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THE POWERBOOK By Jeanette Winterson; Alfred A. Knopf: 288 pp., $24

LINCOLN AT HOME Two Glimpses of Abraham Lincoln's Family Life By David Herbert Donald; Simon & Schuster: 125 pp., $30

PARIS TO THE MOON By Adam Gopnik; Random House: 338 pp., $24.95

November 05, 2000|SUSAN SALTER REYNOLDS

THE POWERBOOK By Jeanette Winterson; Alfred A. Knopf: 288 pp., $24

Jeanette Winterson is fond of fairy tales, threading them through her novels, often telling the story in fairy-tale form and language. Fairy tales are where the trouble starts, where truth and lies get woven together. They are told in the gilded language of heroes and villains, champagne and balconies. "The Powerbook" is a love story between two women ("Sex between women is mirror geography. . . . You are the hidden place that opens to me on the other side of the glass"), written part in computer-ese (e-mails move the plot forward; there's cyberspace in the novel and meatspace) and part in fairy tale retellings of famous love stories like Lancelot and Guinevere. Winterson plays with the archetypes of fairy tales. "In this life," she writes, "you have to be your own hero. . . . Like it or not, you are alone in the forest." Playing with the fairy tale form allows her to be mischievous and pixie-like with everyday love stories, but it also allows her a level of distance from her characters that shaves dimensions off their personalities. That is always the trade-off: An everyman with a lesson for womankind cannot be an individual, unique and intimate with the reader. "The Powerbook" is a manifesto for bravery in love. "She believed what her heart told her," the main character says of her mother, "but she could never follow it." It contains beautiful writing but too much manifesto. One wishes more than ever that Winterson would resist her impulse to write, then explain, write, then explain.

LINCOLN AT HOME Two Glimpses of Abraham Lincoln's Family Life By David Herbert Donald; Simon & Schuster: 125 pp., $30

"This little book offers two glimpses of Lincoln as a family man," writes David Herbert Donald, longtime historian of the civil war and Lincoln biographer. The first is the result of an evening Donald spent in the Bush White House, speaking about Lincoln's private life with his wife Mary and their two sons, Tad and Willie (a third son, Eddie, died while the couple lived in Springfield, Ill.). The Lincolns moved to the White House in 1861, and Mary began almost immediately to redecorate. Much of this first section paints a Madame Bovary-like portrait of Mary, spending more than the federal budget has allowed for the redecoration, interested more in plates than in dying soldiers. In 1862, Willie, age 11, died of a fever "caused by pollution in the White House water system." Mary plunged into despair, shrouded herself in yards of black, engaged in "paroxysms of weeping." Donald seems to feel that she took her mourning too far, that she was excessive in her emotions and that she spent too much money on clothes. The woman that emerges, against the stern backdrop of a virtually absentee husband, is hysterical and controlling. The second glimpse consists of letters written from 1848 to 1865 between Abraham and Mary, with a few from Robert, their oldest son, from boarding school and then from Harvard. Donald intervenes editorially only a few times. Once, Mary apparently became jealous of her husband's attention to another woman and "created an embarrassing scene," which Donald refers to as a "bout of paranoia." It is one of many long leaps, it seems, even for a distinguished historian. These snappish asides give a gossipy feel to an otherwise straightforward narrative.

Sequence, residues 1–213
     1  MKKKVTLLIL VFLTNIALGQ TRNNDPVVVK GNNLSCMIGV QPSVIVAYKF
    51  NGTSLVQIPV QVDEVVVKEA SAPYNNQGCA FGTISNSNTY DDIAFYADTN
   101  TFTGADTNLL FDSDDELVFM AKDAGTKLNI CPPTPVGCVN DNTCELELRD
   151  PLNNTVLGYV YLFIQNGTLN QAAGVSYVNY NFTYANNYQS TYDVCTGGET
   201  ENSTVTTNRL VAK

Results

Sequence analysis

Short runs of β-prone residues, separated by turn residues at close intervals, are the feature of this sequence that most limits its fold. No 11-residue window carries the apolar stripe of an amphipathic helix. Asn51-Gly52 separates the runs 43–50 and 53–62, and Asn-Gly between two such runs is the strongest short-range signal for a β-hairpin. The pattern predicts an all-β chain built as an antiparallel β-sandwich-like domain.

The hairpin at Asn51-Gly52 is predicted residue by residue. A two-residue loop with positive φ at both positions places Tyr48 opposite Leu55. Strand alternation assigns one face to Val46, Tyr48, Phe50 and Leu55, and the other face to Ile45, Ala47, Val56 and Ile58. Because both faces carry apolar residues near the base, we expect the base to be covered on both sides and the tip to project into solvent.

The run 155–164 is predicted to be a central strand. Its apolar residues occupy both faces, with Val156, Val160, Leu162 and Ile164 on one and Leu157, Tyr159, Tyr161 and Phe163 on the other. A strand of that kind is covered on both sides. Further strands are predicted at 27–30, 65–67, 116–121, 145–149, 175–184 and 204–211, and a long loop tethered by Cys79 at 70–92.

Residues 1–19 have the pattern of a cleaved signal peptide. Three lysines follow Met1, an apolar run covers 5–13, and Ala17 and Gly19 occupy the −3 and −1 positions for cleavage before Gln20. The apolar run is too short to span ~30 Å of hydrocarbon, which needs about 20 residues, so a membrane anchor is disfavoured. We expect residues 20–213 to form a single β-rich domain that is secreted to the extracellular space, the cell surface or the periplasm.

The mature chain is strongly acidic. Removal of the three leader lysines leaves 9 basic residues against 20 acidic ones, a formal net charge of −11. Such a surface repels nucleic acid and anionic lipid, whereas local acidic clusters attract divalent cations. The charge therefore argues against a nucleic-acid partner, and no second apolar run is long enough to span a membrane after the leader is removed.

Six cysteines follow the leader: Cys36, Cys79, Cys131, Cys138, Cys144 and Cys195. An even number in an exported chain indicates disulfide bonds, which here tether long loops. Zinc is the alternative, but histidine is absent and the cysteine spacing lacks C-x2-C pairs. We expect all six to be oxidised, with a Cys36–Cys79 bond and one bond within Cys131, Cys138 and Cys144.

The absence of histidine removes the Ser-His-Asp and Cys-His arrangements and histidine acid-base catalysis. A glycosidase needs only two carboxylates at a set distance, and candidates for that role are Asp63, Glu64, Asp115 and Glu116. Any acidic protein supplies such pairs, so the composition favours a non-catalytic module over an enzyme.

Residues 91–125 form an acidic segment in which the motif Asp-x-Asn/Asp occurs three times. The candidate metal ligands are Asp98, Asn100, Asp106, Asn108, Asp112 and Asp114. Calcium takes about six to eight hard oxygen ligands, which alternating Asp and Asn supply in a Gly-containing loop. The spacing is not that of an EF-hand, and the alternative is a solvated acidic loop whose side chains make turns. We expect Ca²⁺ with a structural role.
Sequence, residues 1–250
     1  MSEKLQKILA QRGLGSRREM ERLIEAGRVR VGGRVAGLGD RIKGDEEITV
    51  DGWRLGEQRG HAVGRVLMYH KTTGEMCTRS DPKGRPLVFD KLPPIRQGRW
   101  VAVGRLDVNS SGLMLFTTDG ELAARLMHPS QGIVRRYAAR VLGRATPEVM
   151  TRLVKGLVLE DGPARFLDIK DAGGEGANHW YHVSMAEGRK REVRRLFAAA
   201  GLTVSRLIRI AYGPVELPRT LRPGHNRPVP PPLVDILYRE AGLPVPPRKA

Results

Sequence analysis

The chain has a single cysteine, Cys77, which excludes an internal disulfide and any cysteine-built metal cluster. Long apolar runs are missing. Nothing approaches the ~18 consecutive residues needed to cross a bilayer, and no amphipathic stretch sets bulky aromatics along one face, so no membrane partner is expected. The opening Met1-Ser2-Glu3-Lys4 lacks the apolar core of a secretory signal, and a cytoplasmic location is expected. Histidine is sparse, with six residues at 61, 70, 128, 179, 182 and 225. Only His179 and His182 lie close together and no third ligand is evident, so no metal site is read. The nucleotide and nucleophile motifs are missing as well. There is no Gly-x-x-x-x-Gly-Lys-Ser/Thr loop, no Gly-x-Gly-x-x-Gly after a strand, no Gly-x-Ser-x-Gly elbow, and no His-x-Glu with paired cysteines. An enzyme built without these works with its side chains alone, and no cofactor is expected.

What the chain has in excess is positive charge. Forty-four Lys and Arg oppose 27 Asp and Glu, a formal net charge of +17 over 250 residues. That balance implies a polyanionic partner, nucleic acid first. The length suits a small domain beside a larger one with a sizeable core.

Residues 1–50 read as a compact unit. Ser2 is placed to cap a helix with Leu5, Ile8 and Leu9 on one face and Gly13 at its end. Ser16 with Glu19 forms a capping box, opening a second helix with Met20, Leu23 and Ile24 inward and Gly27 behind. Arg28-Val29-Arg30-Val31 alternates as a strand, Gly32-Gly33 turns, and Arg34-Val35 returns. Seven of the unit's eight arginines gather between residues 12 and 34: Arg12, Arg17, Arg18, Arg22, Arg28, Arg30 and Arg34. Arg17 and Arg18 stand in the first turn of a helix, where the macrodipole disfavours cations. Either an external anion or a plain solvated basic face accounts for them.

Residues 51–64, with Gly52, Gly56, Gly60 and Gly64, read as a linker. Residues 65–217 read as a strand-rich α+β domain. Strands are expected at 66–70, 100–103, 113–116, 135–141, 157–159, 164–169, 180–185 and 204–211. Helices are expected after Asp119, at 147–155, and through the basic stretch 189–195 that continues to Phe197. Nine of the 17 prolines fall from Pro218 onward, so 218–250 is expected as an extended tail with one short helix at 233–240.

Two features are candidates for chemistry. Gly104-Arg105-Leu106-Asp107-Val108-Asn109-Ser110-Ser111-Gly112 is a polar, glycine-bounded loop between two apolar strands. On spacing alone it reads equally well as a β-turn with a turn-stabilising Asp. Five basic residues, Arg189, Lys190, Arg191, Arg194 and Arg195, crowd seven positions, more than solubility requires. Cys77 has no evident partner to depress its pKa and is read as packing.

PARIS TO THE MOON By Adam Gopnik; Random House: 338 pp., $24.95

Adam Gopnik is not the first New Yorker writer to decamp to Paris, but he is ours, in our time, of our generation, with children and strollers and fax machines, still looking for the perfect cafe, still caught up in the romance of Paris (heightened by the romance of family life: the presence of his wife, Martha; his child, Luke; and baby Olivia, who was born during their five-year stay in Paris). Even in an era in which Paris is doing its historical, cyclical death, in which the arrogance and the strikes and the bureaucracy make it less livable than ever, Gopnik holds firm to an ideal he coined when he was 8, of a dream city. Adam and his wife leave New York hoping to give their baby boy a vision of a future that might not include GameBoys and Walkmans and Disney. Gopnik gives us an insight into French culture using the metaphors offered up by everyday life, for example, the different ways of cutting Christmas trees (the French with a cross nailed at the base to keep in the life force, the Americans with a bowl of water to pretend the tree is still alive). He takes us inside the French political mind, participating in a sit-in to save a local brasserie (the Balzar) from a conglomerate. Why did they go back to New York after five years? "We have a beautiful existence in Paris," Gopnik's wife reasons, "but not a full life. . . . In New York we have a full life and an unbeautiful existence."

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